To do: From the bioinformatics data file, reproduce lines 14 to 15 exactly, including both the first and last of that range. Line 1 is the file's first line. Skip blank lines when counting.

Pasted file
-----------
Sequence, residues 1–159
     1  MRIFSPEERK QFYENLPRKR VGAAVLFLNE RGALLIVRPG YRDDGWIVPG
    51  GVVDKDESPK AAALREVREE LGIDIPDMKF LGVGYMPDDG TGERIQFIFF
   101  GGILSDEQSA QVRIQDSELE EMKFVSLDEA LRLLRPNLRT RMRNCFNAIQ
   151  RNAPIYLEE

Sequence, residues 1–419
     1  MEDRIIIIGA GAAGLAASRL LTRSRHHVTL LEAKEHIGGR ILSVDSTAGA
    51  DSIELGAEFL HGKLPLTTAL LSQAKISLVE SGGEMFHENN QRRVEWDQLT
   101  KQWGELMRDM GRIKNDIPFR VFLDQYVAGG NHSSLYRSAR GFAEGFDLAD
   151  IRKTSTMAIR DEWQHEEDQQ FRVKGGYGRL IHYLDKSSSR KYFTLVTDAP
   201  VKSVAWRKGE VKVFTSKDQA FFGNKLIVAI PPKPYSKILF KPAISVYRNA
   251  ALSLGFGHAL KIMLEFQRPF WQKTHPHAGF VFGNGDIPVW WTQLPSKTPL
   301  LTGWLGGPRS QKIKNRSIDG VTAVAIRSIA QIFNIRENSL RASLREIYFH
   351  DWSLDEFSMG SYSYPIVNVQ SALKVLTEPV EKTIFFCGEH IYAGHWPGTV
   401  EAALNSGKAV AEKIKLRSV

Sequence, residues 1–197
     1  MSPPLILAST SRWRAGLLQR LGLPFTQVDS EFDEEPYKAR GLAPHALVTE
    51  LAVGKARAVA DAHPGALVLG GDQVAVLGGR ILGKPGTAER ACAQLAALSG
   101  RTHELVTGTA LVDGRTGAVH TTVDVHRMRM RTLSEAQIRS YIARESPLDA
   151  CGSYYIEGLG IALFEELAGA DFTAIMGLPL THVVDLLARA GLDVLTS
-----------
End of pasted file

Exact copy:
   351  DWSLDEFSMG SYSYPIVNVQ SALKVLTEPV EKTIFFCGEH IYAGHWPGTV
   401  EAALNSGKAV AEKIKLRSV